Secondly, I wanted to give you advance notice that I’m investing in some new software, which I expect will improve my efficiency and upgrade my practice overall. The software’s not cheap, but its price will be covered by the savings I expect to accrue, so I won’t be passing on the cost to you, and you’ll benefit from a higher quality of service.

Thirdly, I won’t be in the office as often next year. On the advice of friends and family, I’ll be taking more vacation time, including three straight weeks in the summer — I’ll make sure your interests are well-looked after by reliable colleagues in my absence. Why the extended time off? I finally figured out that no matter how important I might think I am to my clients, I’m the farthest thing from indispensable — we lawyers need to remind ourselves of that every so often. I’ll send you a postcard.

Finally, I’d like to give you my annual reminder that while I’m a good lawyer, I’m not a miracle worker. I can’t answer your question five minutes after you e-mail it to me. I can’t make your ex-supplier, ex-spouse or ex-employer behave rationally or treat you fairly. I can’t change the rules by which the law operates. And I can’t turn back the clock so that the whole thing never happened.

But here’s what I can do. I can deliver the insights and advice you need. I can help you plan a better life, business or career from here on out. I can be your trusted partner and advisor as you make important decisions. I can look after your interests and give you my best counsel, even if it’s something you don’t want to hear. I can keep your confidences and sympathize with your frustrations.

In short, you can count on me to be on your side, no matter what. Because I’m your lawyer.

Thanks again for the opportunity and the privilege to have you as a client. I’ll give you a call early in the new year to see how things are going and whether there’s anything I can help you with.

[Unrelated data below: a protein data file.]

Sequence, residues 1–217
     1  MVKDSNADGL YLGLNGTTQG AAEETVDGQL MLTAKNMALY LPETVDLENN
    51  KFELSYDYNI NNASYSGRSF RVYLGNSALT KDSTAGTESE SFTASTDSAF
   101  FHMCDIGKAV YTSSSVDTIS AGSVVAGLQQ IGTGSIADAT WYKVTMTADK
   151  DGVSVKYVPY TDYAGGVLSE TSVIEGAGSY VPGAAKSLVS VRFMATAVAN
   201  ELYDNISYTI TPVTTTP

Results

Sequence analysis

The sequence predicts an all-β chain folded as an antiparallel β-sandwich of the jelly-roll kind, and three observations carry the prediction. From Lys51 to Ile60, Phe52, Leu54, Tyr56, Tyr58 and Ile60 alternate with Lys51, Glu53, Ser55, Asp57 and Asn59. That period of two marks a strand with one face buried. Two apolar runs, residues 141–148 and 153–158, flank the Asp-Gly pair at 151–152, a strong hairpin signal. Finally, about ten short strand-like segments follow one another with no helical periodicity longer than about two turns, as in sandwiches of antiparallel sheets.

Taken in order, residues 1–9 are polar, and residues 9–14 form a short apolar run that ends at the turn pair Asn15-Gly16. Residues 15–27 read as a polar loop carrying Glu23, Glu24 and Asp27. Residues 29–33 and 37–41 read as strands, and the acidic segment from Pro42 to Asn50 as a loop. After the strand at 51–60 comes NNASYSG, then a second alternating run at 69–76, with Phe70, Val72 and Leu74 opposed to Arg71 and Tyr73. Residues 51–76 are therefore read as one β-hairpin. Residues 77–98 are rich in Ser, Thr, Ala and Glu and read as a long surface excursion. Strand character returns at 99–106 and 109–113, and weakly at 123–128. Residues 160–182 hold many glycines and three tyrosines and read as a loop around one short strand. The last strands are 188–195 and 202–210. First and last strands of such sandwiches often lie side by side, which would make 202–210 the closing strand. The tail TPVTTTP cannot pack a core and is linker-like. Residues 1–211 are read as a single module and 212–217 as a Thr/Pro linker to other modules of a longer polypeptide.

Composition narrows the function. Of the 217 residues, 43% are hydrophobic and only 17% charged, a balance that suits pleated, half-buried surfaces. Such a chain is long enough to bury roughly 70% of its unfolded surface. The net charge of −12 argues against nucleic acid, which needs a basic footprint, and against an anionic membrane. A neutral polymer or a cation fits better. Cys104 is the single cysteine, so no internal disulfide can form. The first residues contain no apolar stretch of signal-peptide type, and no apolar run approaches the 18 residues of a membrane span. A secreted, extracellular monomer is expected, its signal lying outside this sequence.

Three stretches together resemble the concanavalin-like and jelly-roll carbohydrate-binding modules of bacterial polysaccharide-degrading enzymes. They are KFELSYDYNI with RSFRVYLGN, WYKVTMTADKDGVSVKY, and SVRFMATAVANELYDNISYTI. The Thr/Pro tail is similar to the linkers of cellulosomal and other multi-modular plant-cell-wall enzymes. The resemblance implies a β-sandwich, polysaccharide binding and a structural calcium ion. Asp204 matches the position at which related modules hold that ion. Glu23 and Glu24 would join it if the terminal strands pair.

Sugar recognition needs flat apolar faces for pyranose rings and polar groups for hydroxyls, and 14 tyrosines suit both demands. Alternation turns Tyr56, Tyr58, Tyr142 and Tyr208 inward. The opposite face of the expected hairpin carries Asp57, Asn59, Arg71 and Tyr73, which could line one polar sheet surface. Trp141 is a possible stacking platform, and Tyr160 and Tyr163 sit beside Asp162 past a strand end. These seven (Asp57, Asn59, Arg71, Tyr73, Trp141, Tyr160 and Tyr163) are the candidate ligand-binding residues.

Oh, and have a joyful holiday. Peace on earth.

This post first appeared as the editorial in the December 2006 issue of National.

21st-century legal innovation

This article was first posted at Slaw on September 25, 2006.

I had the great fortune to attend the annual meeting of the College of Law Practice Management in San Francisco earlier this month. The topic of the day was at the heart of 21st-century lawyering: innovation. Specifically, why lawyers aren’t very good at it.

One of the delegates made an important distinction at the start. When it comes to actual legal work, lawyers can innovate like crazy. Corporate lawyers have designed some of the most innovative (and profitable) financial instruments around; litigators are always finding new angles from which to argue cases, and so on. Where we have trouble innovating is in our two main professional mechanisms: practice management and client relations.

I’ll leave the first one alone — that’s a whole other steamship of fish — and go after the second: how lawyers relate to their clients and deliver services to them. It’s pretty apparent that lawyers’ relationships with clients could use, shall we say, a little sprucing up. Continue Reading

A to Z: 26 trends for the legal profession

This article was co-authored with Mélanie Raymond, then-Senior Editor of National, and appeared as the cover story in the April/May 2006 edition of the magazine.

The legal profession is turning upside down, and many of the familiar landmarks are disappearing or bring replaced by brand-new structures. There are so many changes afoot that National’s editorial team could match each letter of the alphabet to a development that presents a threat — or an opportunity — for lawyers. Twenty-six trends, 26 letters: which ones matter the most to you?

Associé (Partnership)

It’s always been the Holy Grail, the ultimate goal for lawyers starting out in private practice It has been considered the final step in a lawyer’s transition from simply an employee to a partner. But this is all changing, thanks to systematic and generational change.

Equity partnerships (partnership without capital investments or draws), salaried associate, permanent or advisory associate — new forms of quasi-partnership are born every year. The journey to the associate level is accelerated in some firms, delayed in others. Methods vary from one firm to another, from one individual to another.